Fast Company named Ocean Cleanup a design award winner this week. Next City covered the project here. (Credit: Boyan Slat/The Ocean Cleanup)
This week, Fast Company announced the winners of its fourth annual “Innovation by Design Awards,” and a few cool projects that made the list notably intersect with the urbanist world. In fact, Next City has covered three of the 13 winners in the last year.
An innovation intended to streamline bike-sharing, Vanmoof’s Spinlister app, won the Product Design award. The company’s high-tech approach dispenses with bulky dock stations. Bikes are connected to users’ phones via bluetooth so riders can lock and unlock a bike directly through the app. (Ditching docks may pick up speed: Portland is hoping to implement a bike-share program with “smart bikes” from Social Bicycle next year.)
According to Vanmoof, the company’s mission is to “usher in the world’s first sustainable bike-share model owned by the people, for the people, requiring little to no investment or involvement from private entities or government.”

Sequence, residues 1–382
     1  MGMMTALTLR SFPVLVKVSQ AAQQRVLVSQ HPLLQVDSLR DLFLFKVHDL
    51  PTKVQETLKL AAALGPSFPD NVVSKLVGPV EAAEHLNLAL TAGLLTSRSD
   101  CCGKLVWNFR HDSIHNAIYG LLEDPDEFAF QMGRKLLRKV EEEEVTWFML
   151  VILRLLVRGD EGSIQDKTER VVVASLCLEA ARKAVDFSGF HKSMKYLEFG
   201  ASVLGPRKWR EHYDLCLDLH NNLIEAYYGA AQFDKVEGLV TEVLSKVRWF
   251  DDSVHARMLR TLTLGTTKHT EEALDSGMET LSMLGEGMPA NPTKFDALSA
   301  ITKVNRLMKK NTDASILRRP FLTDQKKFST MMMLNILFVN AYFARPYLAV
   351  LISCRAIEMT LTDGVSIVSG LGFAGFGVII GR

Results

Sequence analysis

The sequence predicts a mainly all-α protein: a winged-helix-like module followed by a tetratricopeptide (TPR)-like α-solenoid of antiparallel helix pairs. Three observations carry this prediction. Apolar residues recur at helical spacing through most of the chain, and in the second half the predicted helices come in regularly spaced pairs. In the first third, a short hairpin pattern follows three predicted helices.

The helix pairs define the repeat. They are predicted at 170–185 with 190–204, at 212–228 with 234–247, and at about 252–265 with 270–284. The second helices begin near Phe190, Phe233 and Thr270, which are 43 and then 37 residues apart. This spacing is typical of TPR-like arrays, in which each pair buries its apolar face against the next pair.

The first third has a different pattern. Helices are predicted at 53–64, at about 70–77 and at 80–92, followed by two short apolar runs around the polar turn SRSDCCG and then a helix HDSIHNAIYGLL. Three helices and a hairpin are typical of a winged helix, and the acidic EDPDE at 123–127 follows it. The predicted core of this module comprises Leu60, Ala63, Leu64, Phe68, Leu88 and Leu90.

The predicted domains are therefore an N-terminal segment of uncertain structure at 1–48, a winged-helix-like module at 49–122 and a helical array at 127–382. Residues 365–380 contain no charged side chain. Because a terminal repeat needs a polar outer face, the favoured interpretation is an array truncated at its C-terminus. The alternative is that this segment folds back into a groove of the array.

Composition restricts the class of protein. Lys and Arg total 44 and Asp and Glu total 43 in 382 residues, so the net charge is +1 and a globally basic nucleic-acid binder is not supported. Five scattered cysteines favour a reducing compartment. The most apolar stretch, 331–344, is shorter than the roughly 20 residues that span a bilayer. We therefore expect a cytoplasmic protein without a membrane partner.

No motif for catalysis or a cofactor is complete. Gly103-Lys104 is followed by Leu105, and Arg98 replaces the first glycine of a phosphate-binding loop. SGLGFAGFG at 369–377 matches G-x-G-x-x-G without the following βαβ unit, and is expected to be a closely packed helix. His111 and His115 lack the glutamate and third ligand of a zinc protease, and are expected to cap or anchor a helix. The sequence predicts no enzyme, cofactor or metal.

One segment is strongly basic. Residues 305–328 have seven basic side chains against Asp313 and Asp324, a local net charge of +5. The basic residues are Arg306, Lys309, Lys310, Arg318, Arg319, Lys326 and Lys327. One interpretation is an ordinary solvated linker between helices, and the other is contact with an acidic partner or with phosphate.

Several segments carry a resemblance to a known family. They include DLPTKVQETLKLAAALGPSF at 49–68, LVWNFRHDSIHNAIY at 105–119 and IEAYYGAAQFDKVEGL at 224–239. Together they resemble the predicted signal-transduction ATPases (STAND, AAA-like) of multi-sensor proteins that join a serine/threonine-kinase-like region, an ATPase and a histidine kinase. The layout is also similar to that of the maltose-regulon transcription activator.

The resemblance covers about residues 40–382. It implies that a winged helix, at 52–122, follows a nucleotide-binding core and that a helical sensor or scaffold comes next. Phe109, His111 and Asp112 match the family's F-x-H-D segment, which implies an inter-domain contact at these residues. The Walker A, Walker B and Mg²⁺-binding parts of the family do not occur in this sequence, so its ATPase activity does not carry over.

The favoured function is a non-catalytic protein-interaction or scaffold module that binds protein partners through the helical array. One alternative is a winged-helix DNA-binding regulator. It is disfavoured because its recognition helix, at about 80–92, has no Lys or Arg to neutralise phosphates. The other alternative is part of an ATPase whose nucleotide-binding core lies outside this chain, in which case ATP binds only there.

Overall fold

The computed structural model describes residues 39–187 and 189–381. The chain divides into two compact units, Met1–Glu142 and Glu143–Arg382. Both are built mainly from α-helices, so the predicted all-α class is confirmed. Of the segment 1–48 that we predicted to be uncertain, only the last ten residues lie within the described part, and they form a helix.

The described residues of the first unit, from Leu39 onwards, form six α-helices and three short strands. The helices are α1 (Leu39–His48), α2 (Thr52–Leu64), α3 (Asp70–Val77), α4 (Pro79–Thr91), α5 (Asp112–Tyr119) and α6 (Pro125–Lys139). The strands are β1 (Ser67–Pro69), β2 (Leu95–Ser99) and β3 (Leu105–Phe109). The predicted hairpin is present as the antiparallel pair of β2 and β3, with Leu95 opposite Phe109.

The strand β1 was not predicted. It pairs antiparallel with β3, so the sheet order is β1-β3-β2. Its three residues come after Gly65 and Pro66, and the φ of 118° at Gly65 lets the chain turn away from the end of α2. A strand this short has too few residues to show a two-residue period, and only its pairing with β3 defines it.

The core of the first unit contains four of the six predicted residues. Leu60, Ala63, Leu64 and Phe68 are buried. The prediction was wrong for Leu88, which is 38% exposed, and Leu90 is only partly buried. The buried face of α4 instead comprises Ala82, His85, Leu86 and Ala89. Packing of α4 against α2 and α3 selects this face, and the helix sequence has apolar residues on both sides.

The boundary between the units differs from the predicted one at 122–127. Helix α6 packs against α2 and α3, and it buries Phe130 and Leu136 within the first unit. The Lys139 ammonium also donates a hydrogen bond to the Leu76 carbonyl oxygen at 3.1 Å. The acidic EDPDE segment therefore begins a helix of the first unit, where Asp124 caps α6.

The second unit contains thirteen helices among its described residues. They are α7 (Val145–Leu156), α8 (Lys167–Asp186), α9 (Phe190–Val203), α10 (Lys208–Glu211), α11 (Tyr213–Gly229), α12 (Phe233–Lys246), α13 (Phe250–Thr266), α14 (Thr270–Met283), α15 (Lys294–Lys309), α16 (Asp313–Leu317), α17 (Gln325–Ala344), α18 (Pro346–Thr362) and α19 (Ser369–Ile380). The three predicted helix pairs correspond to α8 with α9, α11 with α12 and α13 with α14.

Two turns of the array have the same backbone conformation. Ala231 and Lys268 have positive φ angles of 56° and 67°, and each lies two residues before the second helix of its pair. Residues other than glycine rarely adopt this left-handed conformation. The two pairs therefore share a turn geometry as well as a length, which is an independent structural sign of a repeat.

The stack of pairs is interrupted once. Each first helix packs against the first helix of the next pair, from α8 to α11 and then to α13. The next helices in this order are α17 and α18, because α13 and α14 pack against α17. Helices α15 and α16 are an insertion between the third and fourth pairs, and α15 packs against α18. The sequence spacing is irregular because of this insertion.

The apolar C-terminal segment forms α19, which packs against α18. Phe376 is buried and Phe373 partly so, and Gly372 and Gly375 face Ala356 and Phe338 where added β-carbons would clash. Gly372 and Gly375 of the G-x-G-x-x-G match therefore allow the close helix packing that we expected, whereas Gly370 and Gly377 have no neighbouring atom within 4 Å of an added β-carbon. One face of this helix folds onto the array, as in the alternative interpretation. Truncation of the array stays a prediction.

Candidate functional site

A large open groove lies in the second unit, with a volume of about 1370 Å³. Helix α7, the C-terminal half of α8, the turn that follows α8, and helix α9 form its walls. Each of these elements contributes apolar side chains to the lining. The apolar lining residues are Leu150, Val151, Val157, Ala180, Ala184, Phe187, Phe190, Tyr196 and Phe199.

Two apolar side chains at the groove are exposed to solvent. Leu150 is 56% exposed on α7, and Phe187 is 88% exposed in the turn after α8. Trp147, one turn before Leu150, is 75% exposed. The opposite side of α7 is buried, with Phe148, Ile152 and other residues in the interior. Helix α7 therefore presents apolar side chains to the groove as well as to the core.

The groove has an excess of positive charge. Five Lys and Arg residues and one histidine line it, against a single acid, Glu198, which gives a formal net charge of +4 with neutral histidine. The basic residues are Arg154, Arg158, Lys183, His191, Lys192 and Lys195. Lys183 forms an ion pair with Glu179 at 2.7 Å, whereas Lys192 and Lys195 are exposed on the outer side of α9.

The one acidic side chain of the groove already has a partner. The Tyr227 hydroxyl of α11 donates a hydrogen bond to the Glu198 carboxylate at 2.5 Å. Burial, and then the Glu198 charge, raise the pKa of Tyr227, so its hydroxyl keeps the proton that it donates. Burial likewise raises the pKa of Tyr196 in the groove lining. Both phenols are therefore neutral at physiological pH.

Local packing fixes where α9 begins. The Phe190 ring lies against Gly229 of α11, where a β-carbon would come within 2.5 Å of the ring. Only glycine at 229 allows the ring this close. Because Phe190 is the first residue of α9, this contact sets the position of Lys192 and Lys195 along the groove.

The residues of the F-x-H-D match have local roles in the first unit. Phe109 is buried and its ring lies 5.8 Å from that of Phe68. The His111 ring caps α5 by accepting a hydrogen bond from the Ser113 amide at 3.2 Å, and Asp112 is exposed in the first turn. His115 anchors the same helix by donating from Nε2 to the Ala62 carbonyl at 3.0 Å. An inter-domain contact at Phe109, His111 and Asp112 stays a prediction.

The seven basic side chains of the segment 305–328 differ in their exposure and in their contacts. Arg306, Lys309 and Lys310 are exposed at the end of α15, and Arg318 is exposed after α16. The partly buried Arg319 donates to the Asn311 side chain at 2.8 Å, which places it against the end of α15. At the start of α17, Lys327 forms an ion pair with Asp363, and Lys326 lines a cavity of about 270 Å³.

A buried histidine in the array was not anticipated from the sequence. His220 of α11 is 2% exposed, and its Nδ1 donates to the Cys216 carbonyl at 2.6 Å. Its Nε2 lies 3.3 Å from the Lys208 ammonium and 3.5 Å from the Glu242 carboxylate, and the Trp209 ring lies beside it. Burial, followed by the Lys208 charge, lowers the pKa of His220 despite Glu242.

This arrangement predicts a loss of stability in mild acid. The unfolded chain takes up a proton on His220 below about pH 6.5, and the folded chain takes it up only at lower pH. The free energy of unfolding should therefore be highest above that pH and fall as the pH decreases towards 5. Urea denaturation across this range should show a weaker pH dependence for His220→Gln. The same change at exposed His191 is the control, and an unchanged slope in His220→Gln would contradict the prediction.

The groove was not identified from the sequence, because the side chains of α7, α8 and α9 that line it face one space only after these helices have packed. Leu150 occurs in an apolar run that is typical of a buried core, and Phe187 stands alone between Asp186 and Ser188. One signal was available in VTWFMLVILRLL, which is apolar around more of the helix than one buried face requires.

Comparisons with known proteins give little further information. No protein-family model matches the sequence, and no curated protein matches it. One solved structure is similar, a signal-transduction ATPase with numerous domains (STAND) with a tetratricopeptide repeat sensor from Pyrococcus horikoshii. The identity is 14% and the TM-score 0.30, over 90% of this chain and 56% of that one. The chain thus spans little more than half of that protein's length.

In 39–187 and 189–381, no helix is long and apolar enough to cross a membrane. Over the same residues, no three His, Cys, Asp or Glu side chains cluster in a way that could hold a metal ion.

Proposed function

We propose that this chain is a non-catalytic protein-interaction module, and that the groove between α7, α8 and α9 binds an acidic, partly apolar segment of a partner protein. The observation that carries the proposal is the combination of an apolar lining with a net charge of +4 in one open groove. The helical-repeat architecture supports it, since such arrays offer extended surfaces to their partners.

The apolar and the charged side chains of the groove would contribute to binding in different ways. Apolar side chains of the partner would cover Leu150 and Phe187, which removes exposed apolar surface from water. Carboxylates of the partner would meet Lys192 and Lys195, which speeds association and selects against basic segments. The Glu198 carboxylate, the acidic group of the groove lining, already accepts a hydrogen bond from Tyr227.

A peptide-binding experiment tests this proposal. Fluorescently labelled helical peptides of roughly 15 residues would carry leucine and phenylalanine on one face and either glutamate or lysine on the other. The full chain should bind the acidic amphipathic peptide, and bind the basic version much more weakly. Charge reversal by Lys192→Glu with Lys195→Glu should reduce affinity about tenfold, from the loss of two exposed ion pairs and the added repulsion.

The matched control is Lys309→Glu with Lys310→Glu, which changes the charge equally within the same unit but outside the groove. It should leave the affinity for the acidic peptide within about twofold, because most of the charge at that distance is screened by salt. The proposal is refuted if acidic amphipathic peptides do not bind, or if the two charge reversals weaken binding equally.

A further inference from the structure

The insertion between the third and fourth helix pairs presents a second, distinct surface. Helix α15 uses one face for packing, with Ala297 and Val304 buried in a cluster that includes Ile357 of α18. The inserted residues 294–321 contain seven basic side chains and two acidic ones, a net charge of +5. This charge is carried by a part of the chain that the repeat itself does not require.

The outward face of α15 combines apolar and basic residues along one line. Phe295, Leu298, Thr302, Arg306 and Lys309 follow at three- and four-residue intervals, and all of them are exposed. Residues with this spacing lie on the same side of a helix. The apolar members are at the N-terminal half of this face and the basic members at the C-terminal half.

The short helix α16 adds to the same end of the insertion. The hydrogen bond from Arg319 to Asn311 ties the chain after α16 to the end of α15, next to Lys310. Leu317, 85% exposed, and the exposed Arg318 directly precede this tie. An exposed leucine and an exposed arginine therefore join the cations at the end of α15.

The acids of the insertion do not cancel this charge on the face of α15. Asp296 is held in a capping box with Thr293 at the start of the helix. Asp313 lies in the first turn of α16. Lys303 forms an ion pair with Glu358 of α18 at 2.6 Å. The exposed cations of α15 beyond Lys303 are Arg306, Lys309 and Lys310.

Pages of the “drinkable book” become water filters.
Next City also has covered the winner in the health category: a book that cleans water. The pages can be torn out and used to filter contaminants from drinking water. The silver nanoparticles that coat the pages filter 99.99 percent of the bacteria found in cholera, E. coli and typhoid. The invention could save some of the 3.4 million people, mostly in developing nations, who die every year from water-related diseases.
Another water-related solution won the design award for social good. The Ocean Clean Up uses floating barriers to let the ocean currents concentrate some of the 5.25 trillion pieces of plastic that have made their way into our oceans. For more on that effort, read Next City’s “Did a 19-Year-Old Really Just Solve One of Earth’s Biggest Environmental Problems?”
Lastly, Florida’s high-speed rail project, All About Florida, won the “City Solutions” award. The planned Miami-to-Orlando connector is far from a done deal, but supporters tout private financing and transit-oriented development as the main pluses. (Of the three U.S. high-speed rail lines in the works,, the $2.5 billion All Aboard Florida would be the slowest.)
Skidmore, Owings & Merrill have designed rail stations intended for Miami, Fort Lauderdale and West Palm Beach, which Fast Company believes will become “architectural destinations in their own right.”